Cardinals from around the world gather this week in a conclave to elect a new pope following the stunning resignation of Benedict XVI. In the secretive world of the Vatican, there is no way to know who is in the running, and history has yielded plenty of surprises. Yet several names have come up repeatedly as strong contenders
This time there was no doubt. There was no new pope yet, and the mystery of who — and when — was as thick as the unmistakable heavy black smoke billowing from the Sistine Chapel chimney.
The Vatican lashed out at what it called a "defamatory" and "anti-clerical left-wing" campaign to discredit Pope Francis over his actions during Argentina's 1976-1983 military junta, saying no credible accusation had ever stuck against the new pope.
Jorge Bergoglio of Argentina was elected pope Wednesday, becoming the first pontiff from the Americas and the first from outside Europe in more than a millennium. He chose the name Francis, associating himself with the humble 13th-century Italian preacher who lived a life of poverty.
pope Francis put his humility on display during his first day as pontiff Thursday, stopping by his hotel to pick up his luggage and pay the bill himself in a decidedly different style of papacy than his tradition-minded predecessor who tended to stay ensconced in the frescoed halls of the Vatican.
Pope Benedict XVI left Vatican City for the last time Thursday. He will return — not as Pope Benedict XVI, but as pope emeritus — a retired man. Hours later, Benedict became the first pope in about 600 years to retire.
Pope Benedict XVI says goodbye to the Vatican
Benedict XVI's announcement that pontificate waiver from February 28 for his "advanced age" and feel that it lacks the force to stay in office, revolutionized social networking.
Pope Benedict XVI, the former Cardinal Joseph Ratzinger who took office in 2005 following the death of his predecessor, said on Monday that he will resign on Feb. 28, the first pope to do so in six centuries.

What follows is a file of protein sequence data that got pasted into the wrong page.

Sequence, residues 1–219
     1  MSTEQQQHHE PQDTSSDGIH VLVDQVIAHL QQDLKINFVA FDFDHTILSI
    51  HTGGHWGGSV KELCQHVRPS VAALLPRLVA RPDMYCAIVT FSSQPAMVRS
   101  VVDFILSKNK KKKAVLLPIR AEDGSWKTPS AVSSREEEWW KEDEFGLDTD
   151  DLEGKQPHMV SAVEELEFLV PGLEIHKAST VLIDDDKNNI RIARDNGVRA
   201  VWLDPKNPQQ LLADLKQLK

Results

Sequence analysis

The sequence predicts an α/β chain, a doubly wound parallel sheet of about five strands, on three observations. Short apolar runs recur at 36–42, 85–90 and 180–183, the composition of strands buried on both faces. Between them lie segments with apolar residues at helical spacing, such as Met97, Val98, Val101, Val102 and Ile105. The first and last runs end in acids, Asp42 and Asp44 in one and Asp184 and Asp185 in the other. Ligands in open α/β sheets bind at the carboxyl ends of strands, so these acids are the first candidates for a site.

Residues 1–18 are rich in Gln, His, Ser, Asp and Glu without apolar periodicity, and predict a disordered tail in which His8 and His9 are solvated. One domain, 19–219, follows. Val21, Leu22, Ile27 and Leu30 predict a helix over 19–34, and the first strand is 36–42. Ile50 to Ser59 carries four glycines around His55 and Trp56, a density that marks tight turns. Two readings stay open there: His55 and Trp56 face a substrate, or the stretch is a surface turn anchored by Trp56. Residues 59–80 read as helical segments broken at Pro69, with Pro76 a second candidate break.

Benedict XVI to be pope left on Thursday at eight hours (1900 GMT), as previously announced, and promised to become "simple pilgrim" of a Church forced to find a successor after his historic resignation, the first by a pontiff in seven centuries.
As the sun set on Rome and on his turbulent eight-year papacy, Pope Benedict XVI, a shy theologian who never seemed entirely at home in the limelight, was whisked by helicopter into retirement on Thursday.
On Tuesday 115 cardinals of the Roman Catholic Church will begin the voting process for the pope -- single most influential religious leader on Earth and the leader of 1.2 billion Catholics.
The Pope spoke at Mass in the chapel of the Domus Sanctae Marthae, the Vatican guesthouse where he has been living since his election in March, and where he has been regularly celebrating morning Mass for different groups of Vatican employees.
The Catholic church has a new pope: Francis I. Born Jorge Mario Bergoglio, the 76-year-old will take the helm of the church less than a month after Pope Benedict XVI's retirement. It's unclear so far how Francis I will lead, but one thing is for sure: The new pontiff will have a grueling schedule.
With a puff of white smoke from the chimney of the Sistine Chapel and to the cheers of thousands of rain-soaked faithful, a gathering of Catholic cardinals picked a new pope from among their midst on Wednesday — choosing the cardinal from Argentina, the first South American to lead the church.
Emeritus Pope Benedict XVI came home to the Vatican on Thursday for the first time since he resigned Feb. 28, beginning an unprecedented era for the Catholic Church of having a retired pontiff living alongside a reigning one.